The Situation Preceding Germany's
Appeal to Wilson
On October 3, 1918, the German Empire appealed to the President of the United States—and to him alone—to negotiate an armistice which could lead in turn to a peace treaty based on Wilson's Fourteen Points. This German move gave the United States a key position in the diplomacy of the First World War. The empire's request confirmed the American claim to global political responsibility, a claim which Wilson had urged upon his fellow citizens during the final phase of the war. What prompted Germany to make this move? If we are to understand the significance of Germany's request, the motives behind it, and the response which it evoked in the United States, we first must examine the relationship between these two warring nations during the last year of the First World War. Only then will we be able to answer the questions raised by the shift in wartime diplomacy which Germany's appeal of October 3, 1918, initiated.
Was the German gesture, now that military defeat was inevitable, simply that of a drowning man snatching at straws? Were the motives behind the German peace initiative purely military, or did political considerations bear on it as well? Did the German government—and the German Supreme Command—realize what the political consequences might be if it agreed to accept a peace based on Wilson's Fourteen Points? Had Germany's political leadership been sufficiently informed—perhaps through unofficial channels—about American peace objectives that it could accept them in good faith? And from the American point of view, did the Fourteen Points constitute a concrete peace plan which could provide a basis for negotiations? Or were the points devised merely as propaganda? If that was the case, what were the conditions that the President really had in mind for peace negotiations?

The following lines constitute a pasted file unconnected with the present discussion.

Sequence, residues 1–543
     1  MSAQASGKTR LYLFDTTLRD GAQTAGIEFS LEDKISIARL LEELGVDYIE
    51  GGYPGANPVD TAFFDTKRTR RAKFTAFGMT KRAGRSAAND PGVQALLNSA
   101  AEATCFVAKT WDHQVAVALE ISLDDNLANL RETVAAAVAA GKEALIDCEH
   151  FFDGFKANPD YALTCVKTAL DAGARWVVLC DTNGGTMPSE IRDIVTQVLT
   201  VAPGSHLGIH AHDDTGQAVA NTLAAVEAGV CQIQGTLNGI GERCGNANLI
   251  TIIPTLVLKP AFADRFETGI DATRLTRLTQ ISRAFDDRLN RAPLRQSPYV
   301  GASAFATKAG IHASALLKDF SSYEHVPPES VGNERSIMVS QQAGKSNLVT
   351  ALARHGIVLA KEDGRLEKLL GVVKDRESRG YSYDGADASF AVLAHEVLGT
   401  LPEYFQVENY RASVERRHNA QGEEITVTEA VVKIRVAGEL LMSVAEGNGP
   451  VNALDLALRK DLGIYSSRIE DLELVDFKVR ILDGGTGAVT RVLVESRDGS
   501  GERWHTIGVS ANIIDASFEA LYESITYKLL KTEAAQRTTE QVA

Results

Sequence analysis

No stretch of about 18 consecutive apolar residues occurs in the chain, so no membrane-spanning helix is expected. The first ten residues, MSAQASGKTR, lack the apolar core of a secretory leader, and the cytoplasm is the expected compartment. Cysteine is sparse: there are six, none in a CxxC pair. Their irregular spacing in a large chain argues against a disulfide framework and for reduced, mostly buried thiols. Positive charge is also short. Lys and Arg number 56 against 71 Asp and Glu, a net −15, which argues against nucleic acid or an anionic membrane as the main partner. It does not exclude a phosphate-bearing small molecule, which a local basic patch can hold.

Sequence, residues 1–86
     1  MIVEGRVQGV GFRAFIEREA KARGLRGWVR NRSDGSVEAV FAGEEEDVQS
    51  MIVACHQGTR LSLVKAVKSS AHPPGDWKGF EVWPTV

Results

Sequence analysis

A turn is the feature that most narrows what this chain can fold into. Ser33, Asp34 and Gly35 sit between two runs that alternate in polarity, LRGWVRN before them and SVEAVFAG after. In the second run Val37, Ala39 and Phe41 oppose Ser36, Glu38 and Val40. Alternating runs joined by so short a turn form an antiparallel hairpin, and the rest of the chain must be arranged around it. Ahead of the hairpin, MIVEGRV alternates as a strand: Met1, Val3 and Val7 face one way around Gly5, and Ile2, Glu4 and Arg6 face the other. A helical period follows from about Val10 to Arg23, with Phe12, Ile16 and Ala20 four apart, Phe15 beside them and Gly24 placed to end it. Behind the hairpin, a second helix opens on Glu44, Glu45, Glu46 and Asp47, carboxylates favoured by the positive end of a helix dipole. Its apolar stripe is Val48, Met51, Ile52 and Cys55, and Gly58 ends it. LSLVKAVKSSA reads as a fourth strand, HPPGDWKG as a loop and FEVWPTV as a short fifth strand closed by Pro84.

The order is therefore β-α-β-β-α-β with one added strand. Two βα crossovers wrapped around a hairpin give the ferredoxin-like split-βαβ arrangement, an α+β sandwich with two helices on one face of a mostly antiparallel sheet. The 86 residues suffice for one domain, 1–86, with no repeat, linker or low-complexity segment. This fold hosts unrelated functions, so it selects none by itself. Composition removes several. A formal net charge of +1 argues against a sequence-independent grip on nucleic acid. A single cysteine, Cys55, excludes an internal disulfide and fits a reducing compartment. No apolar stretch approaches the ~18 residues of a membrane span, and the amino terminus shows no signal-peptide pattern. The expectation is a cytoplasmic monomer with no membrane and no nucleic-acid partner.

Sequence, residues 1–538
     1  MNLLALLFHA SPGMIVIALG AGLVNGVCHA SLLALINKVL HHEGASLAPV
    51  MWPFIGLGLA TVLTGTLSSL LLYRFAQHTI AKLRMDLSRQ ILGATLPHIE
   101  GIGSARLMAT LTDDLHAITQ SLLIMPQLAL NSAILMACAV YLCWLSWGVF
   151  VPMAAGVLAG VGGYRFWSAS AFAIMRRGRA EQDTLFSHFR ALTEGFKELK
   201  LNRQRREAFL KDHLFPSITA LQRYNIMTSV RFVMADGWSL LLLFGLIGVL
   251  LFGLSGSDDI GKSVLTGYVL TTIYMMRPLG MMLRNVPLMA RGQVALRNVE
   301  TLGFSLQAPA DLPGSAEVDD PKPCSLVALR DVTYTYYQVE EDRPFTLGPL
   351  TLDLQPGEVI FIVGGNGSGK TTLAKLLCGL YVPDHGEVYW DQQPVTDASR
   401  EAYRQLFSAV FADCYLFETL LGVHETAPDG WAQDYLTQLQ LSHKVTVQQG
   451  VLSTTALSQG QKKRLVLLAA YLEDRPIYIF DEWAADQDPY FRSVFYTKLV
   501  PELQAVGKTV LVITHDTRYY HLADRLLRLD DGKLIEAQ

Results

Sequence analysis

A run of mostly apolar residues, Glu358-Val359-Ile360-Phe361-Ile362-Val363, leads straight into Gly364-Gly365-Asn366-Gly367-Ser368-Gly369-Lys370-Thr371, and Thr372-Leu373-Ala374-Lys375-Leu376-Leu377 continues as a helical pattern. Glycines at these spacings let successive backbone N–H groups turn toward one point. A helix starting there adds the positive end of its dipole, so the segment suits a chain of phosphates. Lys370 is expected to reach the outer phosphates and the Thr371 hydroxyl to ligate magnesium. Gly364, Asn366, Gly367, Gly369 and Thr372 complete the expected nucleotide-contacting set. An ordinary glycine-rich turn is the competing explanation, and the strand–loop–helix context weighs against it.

The political circumstances which led up to Wilson's famous declaration of the Fourteen Points on January 8, 1918, political circumstances